Audience whom we think as consumers are under influence of the products they see in mass media channels. As the technology change audience became more active in relation to the content in media. Although Internet plays a huge role in audiences taking an active part in communication processes, the content they view has an important influence on their “active” part.
The audience is the principal product of the mass media, produced by the means in TV series, radio channels, and any other mass media channels. Janet Wasko (2005b, 29) argues that “with the increasing spread of privatized, advertiser-supported media, the audience commodity concept has been accepted by many political economists, as well as other communication theorists.” The audience commodity is produced by “the mass media of communications” and sold to advertisers (Smythe, 1977: 3). In other words, audience commodity is audience members’ time spent for advertisers.
Smythe (1977: 22n1), declared that the purpose of the production and sale of the audience commodity and the work of audience members is “demand management”. Audiences learn by “paying attention” to advertisings or details in TV series. The commodification of audience takes place in the heads of audience members (Smythe, 2006:23). Therefore there is a key concept in Audience commodity connected to Smythe’s thoughts related the political economy. Audience labor is an important concept in Smythe’s political economy of the audience commodity. For Smythe, the activity of audience is a type of communicative labor. Because audience members’ consumption of cultural products like watching television shows or reading newspaper articles is a kind of work or labor. He referred to it as audience work or audience labor and described it as the work of ideology or consciousness production (Smythe, 1978: 121, 125).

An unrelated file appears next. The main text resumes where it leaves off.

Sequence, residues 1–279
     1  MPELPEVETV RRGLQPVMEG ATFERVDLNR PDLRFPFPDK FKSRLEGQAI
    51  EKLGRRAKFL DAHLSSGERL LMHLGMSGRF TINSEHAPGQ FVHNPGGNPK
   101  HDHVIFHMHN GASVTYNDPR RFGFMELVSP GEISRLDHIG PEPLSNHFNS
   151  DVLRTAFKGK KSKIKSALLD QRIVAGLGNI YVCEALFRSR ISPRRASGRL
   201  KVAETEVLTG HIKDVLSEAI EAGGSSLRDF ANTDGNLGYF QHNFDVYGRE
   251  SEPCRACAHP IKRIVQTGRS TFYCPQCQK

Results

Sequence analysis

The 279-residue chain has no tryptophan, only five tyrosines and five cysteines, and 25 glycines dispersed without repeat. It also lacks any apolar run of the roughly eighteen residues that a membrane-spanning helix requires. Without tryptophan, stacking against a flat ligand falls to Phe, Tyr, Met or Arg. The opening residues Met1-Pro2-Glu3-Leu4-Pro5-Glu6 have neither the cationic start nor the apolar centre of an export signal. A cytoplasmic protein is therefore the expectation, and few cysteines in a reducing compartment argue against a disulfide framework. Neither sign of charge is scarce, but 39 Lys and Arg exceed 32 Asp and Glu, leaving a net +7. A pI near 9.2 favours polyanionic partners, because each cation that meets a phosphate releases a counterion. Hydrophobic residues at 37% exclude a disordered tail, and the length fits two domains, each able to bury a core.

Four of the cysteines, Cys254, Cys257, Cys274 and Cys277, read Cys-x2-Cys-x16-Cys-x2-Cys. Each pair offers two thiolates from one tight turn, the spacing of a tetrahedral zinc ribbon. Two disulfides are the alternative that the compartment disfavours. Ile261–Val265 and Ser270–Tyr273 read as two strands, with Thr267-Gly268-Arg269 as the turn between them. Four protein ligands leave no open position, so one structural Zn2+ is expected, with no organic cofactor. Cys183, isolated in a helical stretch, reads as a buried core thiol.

As the new political economy of the audience commodity developed in the late 1970s and 1980s, by Dallas Smythe, Bill Livant, Sut Jhally and so on, into a theory adequate to communication and capitalism in the digital era. Smythe, Livant, and Jhally had considered audience activity as audience labor and attempted to explain the relationship between that labor and capital accumulation with the concept of the audience commodity, and the new political economy of the audience commodity considers digital communicative activities as digital labor in its attempt to explain the relationship between that labor and capital accumulation. (Nixon, 2013) “Smythe’s main point is that the audience itself is the main commodity of communications, thus the central problem for analysis in the study of communication is how this commodity is made, unmade, bought and sold” (Livant, 1979: 92) According to Smythe’s theory of audience labor audiences “learn to buy” some specific products that are advertised and the production of demand occurs. Therefore in 1982, Jhally renewed the critique of Smythe and replaced it with a theory of audience labor within production because audience labor adds value to the production of the audience commodity itself for the mass media companies.